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About the Story
"This game has one puzzle, and the solution to this is given immediately as the game begins. It's about loss, sadness, love, mystery, supernatural beings, and moving to a higher plane of existence. It is all about reading what comes up on the screen, and the only "puzzle" is to figure out how to access and read all that text." [--blurb from Competition '99]
21st Place - 5th Annual Interactive Fiction Competition (1999)
You're on a hiking trip, and a rockslide deposits you at the foot of a cliff, near a strange house with some even stranger inhabitants. The storyline is complex and reasonably well developed, but the implementation needs a lot of work--essentially, you advance the plot by asking the characters about the same topics over and over and over, and if you're lucky, they'll furnish a little more information each time. They're also rather cardboard--they don't react to obvious stimuli. Since those characters, and the story you wring out of them, essentially constitute the entire game, struggling with them makes the game pretty frustrating. The hint system (on which you're likely to rely a good deal) breaks down toward the end of the game. Intriguing at times, but uneven.
-- Duncan Stevens
I really, really wanted to like this game more than I did. It has a fascinating storyline, evocative writing, and an uplifting theme. If the author had turned the concept into a short story instead of an IF work, it probably would have done very well. But despite all this, the best I could give it was a 5: 10 for imagination, 0 for implementation.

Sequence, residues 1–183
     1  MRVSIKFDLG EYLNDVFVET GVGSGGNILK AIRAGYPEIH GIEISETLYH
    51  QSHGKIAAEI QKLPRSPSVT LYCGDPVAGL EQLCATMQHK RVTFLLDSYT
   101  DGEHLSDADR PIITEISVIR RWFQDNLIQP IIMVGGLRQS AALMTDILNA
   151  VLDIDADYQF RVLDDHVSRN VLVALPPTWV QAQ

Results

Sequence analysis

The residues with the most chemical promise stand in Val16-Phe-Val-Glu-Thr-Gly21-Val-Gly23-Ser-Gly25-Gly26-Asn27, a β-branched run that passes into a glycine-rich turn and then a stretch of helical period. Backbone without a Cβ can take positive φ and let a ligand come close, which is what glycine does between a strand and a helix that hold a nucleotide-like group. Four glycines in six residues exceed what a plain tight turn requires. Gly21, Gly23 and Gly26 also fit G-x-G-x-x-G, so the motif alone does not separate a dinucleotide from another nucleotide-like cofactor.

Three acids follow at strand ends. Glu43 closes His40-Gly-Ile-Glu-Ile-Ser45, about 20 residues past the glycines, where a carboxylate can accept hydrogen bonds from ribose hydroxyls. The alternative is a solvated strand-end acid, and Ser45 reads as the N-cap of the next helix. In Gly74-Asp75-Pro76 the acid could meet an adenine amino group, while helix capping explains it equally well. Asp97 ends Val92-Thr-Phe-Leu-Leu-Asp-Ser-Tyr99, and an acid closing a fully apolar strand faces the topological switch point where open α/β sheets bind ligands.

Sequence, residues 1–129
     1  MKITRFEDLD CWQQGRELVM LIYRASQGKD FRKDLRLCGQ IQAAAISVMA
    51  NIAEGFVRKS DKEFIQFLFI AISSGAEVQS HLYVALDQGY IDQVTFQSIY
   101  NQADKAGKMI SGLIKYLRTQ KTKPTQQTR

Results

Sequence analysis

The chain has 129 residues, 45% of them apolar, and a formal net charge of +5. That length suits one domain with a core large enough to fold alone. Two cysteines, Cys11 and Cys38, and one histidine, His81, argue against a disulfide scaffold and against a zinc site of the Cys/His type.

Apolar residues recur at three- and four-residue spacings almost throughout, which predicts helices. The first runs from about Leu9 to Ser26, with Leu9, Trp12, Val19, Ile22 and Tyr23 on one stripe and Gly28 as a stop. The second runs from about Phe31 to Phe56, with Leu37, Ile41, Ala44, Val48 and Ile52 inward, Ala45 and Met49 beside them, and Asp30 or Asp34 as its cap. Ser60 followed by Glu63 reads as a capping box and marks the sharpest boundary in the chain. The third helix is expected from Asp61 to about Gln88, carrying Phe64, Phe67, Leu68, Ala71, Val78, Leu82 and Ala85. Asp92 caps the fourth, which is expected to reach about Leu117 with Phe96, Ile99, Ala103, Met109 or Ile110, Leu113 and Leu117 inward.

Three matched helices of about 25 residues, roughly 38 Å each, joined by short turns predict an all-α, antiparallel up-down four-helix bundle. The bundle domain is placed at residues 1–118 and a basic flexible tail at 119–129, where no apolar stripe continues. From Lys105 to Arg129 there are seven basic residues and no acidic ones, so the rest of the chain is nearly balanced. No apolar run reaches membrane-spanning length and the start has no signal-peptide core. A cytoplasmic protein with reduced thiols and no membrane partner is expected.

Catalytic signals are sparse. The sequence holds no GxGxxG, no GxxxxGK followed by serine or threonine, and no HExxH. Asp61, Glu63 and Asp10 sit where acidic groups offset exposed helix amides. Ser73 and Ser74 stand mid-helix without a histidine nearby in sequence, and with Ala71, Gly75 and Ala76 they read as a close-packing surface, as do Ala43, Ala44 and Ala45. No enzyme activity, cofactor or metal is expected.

-- Suzanne Britton
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>INVENTORY - Paul O'Brian writes about interactive fiction
So Lomalow is a very flawed game, hampered by its overblown prose and its numbingly iterative design. That's what I have to say as a critic. Now, here's what I have to say as an author. The thing I liked about Lomalow, and the thing that kept it from becoming a purely irritating experience, was the obvious sincerity that was driving it.
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Number of Reviews: 1
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This game has a unique vision and concept, but falls flat in implementation.
You survive an avalanche and end up in a secluded wooded area with 2 npcs. The game becomes a mixture of exploration and conversation: you try to find interesting landmarks and ask both npcs about it several times.
The implementation and writing fall flat; a few rounds of beta testing would have smoothed things over. The tone varies widely, some objects and directions have difficult to guess commands, and so on.
However, the main idea was so fun that I peresevered through bizarre bugs in the hint system to read all the text in the game. I would play it again.